“The Opera House will have something the pyramids never had – it will have life. They were built as tombs, but this building is built to give happiness and refreshment to millions.” – Queen Elizabeth II speaking at the opening of the Sydney Opera House, 20 October 1973
The Sydney Opera House turned 40 this month and observing its jubilant birthday celebrations, it is hard to imagine a time when it was not Australia’s favourite building, an international icon of our nation and the architectural envy of the world.
When it first opened to the public in October 1973, however, this extraordinary structure had been widely regarded as a proverbial thorn in the side of the New South Wales government, the engineers tasked with resolving its various construction challenges and the Australian public, who had grown impatient with its escalating costs and delayed completion. Nevertheless, not even its early critics could deny the fledgling
building’s iconic appeal.
The man widely blamed for its myriad of problems, yet gradually more frequently lauded as its enlightened creator, was a young Danish architect named Jørn Utzon – the winner of an international competition to design Sydney’s new performing arts centre. The building was to be Utzon’s grand entrance onto the international stage and his design, based around a series of large sculptural sails, was pioneering and ambitious, and initially also appeared relatively cost-effective.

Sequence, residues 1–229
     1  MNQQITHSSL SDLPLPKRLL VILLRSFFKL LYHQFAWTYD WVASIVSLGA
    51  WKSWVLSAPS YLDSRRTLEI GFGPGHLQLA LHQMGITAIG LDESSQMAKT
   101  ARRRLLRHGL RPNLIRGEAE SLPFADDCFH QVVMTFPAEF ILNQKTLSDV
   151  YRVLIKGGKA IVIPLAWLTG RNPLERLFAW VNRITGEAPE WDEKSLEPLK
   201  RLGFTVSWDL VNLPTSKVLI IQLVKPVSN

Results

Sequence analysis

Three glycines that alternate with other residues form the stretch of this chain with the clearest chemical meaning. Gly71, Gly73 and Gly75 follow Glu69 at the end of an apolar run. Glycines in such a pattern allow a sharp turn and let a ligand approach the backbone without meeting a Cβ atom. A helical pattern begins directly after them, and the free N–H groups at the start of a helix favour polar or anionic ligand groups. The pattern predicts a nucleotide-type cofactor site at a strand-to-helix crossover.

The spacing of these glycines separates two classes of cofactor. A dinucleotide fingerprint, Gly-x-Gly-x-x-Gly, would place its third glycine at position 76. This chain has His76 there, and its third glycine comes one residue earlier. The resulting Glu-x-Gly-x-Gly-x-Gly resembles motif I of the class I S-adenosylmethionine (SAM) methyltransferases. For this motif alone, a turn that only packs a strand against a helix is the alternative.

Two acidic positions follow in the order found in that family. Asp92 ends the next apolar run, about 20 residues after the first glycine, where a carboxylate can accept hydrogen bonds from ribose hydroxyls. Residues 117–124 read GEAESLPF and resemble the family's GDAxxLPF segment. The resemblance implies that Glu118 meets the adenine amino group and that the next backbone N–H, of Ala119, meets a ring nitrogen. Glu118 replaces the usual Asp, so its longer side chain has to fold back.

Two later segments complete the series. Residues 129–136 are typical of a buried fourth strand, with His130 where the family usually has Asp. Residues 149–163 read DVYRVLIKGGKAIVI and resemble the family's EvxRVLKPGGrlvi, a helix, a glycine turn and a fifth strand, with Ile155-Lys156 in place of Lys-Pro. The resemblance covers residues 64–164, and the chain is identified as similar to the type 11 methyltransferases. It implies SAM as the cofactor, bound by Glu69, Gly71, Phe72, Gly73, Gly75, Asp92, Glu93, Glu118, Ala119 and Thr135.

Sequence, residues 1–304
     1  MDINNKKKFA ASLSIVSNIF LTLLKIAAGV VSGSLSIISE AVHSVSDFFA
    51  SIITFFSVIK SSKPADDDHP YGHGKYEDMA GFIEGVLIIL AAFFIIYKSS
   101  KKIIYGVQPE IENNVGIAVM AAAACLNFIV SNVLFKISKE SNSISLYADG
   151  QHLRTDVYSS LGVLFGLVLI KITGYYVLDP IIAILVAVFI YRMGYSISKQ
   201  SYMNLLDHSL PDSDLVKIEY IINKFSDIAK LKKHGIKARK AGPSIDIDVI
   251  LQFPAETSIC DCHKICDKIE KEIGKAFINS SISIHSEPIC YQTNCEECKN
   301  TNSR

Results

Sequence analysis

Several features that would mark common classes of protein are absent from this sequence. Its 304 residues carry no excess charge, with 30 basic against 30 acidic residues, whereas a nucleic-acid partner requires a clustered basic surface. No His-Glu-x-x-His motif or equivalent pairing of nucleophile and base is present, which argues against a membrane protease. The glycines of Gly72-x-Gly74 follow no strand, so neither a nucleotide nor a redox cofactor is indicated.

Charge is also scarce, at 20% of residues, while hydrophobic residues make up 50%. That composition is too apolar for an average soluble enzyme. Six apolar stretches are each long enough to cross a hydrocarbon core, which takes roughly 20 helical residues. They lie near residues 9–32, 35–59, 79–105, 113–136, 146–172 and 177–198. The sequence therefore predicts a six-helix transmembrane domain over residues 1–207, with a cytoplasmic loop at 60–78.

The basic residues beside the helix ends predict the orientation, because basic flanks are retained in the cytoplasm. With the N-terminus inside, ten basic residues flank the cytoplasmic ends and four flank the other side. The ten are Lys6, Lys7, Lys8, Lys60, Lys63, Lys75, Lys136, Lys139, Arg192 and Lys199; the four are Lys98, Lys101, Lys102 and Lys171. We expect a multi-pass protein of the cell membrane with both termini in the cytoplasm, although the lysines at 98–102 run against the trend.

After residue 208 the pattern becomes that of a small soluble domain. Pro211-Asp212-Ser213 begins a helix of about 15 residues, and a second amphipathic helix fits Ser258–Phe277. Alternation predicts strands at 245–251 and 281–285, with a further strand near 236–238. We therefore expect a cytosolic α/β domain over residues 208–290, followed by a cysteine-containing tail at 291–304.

As the building began to take shape, however, its construction became beset by technical challenges associated with bringing Utzon’s grand vision to life. Innovative solutions had to be conceived and revisions implemented, resulting in successful collaborations with some of the world’s leading construction companies, but also schedule and cost blowouts that fuelled public debate and discontent. In 1966, seven years into the build, it all came to a head and major controversy erupted when Davis Hughes – the new Liberal state government’s Minister for Public Works – withheld Utzon’s payments and effectively brought about the architect’s resignation. Utzon immediately left Australia, never to return.